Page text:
[erlang-questions] tcp data in a gen_fsm
Jesper Louis Andersen
Sun Nov 29 17:01:27 CET 2015
On Sun, Nov 29, 2015 at 3:25 PM, Frans Schneider <schneider@REDACTED>
> But what about style? Would you consider a solution as you describe good
> style? I didn't see it in other projects used this way.
With the caveats of Jachym in mind:
As a stepping stone toward a more layered solution I think it is fine. You
usually don't have speed concerns at that point and this somewhat splits
the concerns up because you can move the unpacker to its own module. The
primary problem is if you can't handle that other messages interleave with
the packet processing. But I'm willing to say that this better be handled
sooner or later since otherwise you can't move the packet processing out
later. Say you always get packets A and B in the order [A, B] on the line.
Then, because of TCP, you could get [A] and then [B] later on with a divide
in between since the TCP stream got broken up that way. This argues that a
message X *can* and *should* be able to interleave, in particular [A, X, B]
Usually processing follows a layered model where the lower layers are more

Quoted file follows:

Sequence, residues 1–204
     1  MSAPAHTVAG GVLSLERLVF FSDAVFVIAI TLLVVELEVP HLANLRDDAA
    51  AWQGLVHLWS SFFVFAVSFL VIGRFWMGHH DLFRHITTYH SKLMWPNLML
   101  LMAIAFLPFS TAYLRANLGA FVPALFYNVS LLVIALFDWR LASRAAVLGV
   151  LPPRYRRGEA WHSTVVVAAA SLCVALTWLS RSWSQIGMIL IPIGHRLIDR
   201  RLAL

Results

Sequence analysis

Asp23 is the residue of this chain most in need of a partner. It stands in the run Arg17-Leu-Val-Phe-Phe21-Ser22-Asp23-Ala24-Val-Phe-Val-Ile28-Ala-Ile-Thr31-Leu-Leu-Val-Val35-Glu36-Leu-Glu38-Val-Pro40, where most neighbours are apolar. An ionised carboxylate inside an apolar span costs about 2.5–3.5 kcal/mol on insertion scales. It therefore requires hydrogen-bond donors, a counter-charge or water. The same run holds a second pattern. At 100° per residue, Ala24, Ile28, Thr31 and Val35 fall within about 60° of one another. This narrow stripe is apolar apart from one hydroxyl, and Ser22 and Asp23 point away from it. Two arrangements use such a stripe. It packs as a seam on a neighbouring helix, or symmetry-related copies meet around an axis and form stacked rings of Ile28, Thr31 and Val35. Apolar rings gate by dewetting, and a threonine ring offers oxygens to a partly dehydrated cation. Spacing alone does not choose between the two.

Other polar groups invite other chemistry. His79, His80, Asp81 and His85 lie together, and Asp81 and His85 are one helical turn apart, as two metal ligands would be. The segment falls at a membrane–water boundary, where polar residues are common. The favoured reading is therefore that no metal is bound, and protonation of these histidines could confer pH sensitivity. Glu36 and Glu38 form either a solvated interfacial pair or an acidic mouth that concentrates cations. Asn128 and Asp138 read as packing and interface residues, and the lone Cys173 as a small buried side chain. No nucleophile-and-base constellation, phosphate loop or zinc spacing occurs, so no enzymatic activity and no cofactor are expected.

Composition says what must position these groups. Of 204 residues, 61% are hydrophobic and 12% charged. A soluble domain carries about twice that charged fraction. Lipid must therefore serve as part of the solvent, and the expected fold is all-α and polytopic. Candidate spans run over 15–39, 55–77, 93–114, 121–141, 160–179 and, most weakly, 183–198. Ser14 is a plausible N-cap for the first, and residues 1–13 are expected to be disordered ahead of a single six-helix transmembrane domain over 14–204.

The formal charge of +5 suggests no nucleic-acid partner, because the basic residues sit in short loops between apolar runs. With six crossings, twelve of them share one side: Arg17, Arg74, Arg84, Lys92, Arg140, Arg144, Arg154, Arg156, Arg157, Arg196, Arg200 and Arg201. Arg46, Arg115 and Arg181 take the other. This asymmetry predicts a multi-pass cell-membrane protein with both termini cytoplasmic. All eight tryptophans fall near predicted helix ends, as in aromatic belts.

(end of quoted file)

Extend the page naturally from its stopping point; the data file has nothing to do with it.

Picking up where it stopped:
syntax-oriented (i.e., is this even a protobuffed message?) and the higher
layers encode semantics (can we receive this packet in that state?). A nice
modular program can easily adapt this to different process models, as long
as the layers are not intertwined too much. In the case of each session
being a single TCP connection, and having perhaps thousands of these, I
wouldn't worry too much about separating the decoder out to get more cores
working. I'd probably just keep it inside a single process, but calling to
a separate module, since you have ample concurrency in the project already.
If, on the other hand, you are implementing uTP, where each message arrives
on the same socket, then you should heed to words of Jachym and make the
decoder loop as fast as possible and forward toward other workers on the
inside, essentially setting off a core for decoding and demuxing.
Before looking for fast, it is often beneficial to look at correct:
processes form nice isolation barriers. So if things start going wrong,
what should die and how should it die? This can in certain situations drive
you to a solution where it is better if the decoder is spawned in order to
handle that part outside of the main semantic state. If the decoder goes
wrong, then you are still keeping hold of your semantic state.
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